In this tutorial, we will cover using Spark SQL with a mySQL database.
Let’s show examples of using Spark SQL mySQL. We’re going to use mySQL with Spark in this tutorial, but you can apply the concepts presented here to any relational database which has a JDBC driver.
By the way, If you are not familiar with Spark SQL, there are a few Spark SQL tutorials on this site.
1. MySQL instance
2. MySQL JDBC driver (download available https://dev.mysql.com/downloads/connector/j/)
3. Previously used baby_names.csv file as source data.
4. Apache Spark
The Spark SQL with MySQL JDBC example assumes a mysql db named “sparksql” with table called “baby_names”. The “baby_names” table has been populated with the baby_names.csv data used in previous Spark tutorials.
Here’s a screencast on YouTube of how I set up my environment:
The SQL to create the baby_names table:
DROP TABLE IF EXISTS `baby_names`; CREATE TABLE `baby_names` ( `id` int(11) unsigned NOT NULL AUTO_INCREMENT, `year` int(11) DEFAULT NULL, `first_name` varchar(100) DEFAULT NULL, `county` varchar(100) DEFAULT NULL, `sex` varchar(5) DEFAULT NULL, `count` int(11) DEFAULT NULL, PRIMARY KEY (`id`) ) ENGINE=InnoDB DEFAULT CHARSET=latin1;
If you have any questions about the environment setup, leave comments on this post.
We need to pass in the mySQL JDBC driver jar when we start up the Spark Shell. (In a Spark application, any third party libs such as a JDBC driver would be included in package.)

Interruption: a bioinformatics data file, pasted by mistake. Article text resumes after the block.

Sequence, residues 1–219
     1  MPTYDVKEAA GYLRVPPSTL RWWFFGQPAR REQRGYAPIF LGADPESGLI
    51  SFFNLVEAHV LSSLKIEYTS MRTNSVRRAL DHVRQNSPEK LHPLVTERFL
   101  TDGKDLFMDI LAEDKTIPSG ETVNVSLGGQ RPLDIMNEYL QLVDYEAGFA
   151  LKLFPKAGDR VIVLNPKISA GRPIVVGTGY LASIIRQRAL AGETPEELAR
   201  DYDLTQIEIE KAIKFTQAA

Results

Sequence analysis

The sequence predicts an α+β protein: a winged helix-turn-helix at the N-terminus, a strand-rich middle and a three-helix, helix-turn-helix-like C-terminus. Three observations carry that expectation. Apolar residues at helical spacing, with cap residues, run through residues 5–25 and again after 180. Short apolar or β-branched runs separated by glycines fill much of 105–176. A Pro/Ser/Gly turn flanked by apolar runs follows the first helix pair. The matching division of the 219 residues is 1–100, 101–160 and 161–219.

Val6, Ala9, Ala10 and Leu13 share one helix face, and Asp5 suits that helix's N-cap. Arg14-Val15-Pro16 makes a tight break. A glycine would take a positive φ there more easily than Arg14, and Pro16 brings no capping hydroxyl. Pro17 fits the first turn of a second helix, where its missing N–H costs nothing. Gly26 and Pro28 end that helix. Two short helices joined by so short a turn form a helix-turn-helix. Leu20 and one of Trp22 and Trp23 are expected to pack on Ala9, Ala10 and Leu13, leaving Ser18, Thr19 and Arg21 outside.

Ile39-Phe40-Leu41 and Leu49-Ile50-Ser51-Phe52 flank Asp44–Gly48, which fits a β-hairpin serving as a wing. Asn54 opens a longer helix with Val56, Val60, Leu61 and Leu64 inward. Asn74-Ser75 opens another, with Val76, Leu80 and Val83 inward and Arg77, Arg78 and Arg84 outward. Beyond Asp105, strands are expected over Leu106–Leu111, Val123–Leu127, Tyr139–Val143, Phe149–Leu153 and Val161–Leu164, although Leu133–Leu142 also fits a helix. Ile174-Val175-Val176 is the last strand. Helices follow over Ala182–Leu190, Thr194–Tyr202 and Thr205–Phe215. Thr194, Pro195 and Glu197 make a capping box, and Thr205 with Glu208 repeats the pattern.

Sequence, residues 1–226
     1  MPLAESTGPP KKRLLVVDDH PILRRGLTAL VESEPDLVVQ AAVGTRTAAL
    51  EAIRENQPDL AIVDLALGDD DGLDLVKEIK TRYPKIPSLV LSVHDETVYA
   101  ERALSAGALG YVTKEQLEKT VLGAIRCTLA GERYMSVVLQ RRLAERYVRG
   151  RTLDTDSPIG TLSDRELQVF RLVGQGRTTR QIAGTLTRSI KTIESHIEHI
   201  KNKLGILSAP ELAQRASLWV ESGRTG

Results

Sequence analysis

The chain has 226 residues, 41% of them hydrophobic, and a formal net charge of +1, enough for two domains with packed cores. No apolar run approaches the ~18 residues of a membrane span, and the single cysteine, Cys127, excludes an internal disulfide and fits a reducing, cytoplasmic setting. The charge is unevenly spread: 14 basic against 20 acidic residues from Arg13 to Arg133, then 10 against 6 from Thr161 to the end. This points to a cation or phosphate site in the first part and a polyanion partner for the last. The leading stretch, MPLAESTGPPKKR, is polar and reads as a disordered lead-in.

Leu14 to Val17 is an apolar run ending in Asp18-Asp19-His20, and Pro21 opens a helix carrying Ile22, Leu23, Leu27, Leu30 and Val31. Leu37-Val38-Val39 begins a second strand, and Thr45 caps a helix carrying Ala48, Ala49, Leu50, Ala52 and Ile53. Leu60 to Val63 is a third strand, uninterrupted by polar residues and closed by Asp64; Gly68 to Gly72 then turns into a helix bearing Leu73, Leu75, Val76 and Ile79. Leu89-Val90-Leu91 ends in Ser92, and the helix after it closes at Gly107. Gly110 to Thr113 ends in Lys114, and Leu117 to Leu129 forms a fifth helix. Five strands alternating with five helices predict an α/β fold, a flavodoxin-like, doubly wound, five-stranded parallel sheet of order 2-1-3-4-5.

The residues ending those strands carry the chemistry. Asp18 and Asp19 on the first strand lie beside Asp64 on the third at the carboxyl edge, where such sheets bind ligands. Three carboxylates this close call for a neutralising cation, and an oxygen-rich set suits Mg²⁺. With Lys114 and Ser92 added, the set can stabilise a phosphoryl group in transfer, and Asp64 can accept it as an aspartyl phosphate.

From Spark shell we’re going to establish a connection to the mySQL db and then run some queries via Spark SQL. This is a getting started with Spark mySQL example. To build and deploy and Spark application with mySQL JDBC driver you may wish to check out the Spark cluster deploy with extra jars tutorial.
Spark SQL with MySQL (JDBC) Example Tutorial
1. Start the spark shell with --jars argument
$SPARK_HOME/bin/spark--shell --jars mysql-connector-java-5.1.26.jar
This example assumes the mySQL connector JDBC jar file is located in the same directory as where you are calling spark-shell. If it is not, you can specify the path location such as:
$SPARK_HOME/bin/spark--shell --jars /home/example/jars/mysql-connector-java-5.1.26.jar
2. Once the Spark shell is running, let’s establish a connection to mySQL db and read the baby_names table:
Welcome to ____ __ / __/__ ___ _____/ /__ _\ \/ _ \/ _ `/ __/ '_/ /___/ .__/\_,_/_/ /_/\_\ version 1.5.2 /_/ Using Scala version 2.10.4 (Java HotSpot(TM) 64-Bit Server VM, Java 1.7.0_79) Type in expressions to have them evaluated. Type :help for more information. ... SQL context available as sqlContext. scala> val dataframe_mysql = sqlContext.read.format("jdbc").option("url", "jdbc:mysql://localhost/sparksql").option("driver", "com.mysql.jdbc.Driver").option("dbtable", "baby_names").option("user", "root").option("password", "root").load()
Change the mySQL url and user/password values in the above code appropriate to your environment.
3. Let’s confirm the dataframe by show the schema of the table
3. Register the data as a temp table for future SQL queries
4. We are now in a position to run some SQL such as
scala> dataframe_mysql.sqlContext.sql("select * from names").collect.foreach(println)
Conclusion Spark SQL with MySQL (JDBC)
This example was designed to get you up and running with Spark SQL and mySQL or any JDBC compliant database quickly. What other examples would you like to see with Spark SQL and JDBC? Please leave ideas or questions in comments below.
And to keep up with changes in Spark SQL, especially DataFrame vs DataSet, check the Apache Spark SQL documentation from time-to-time.
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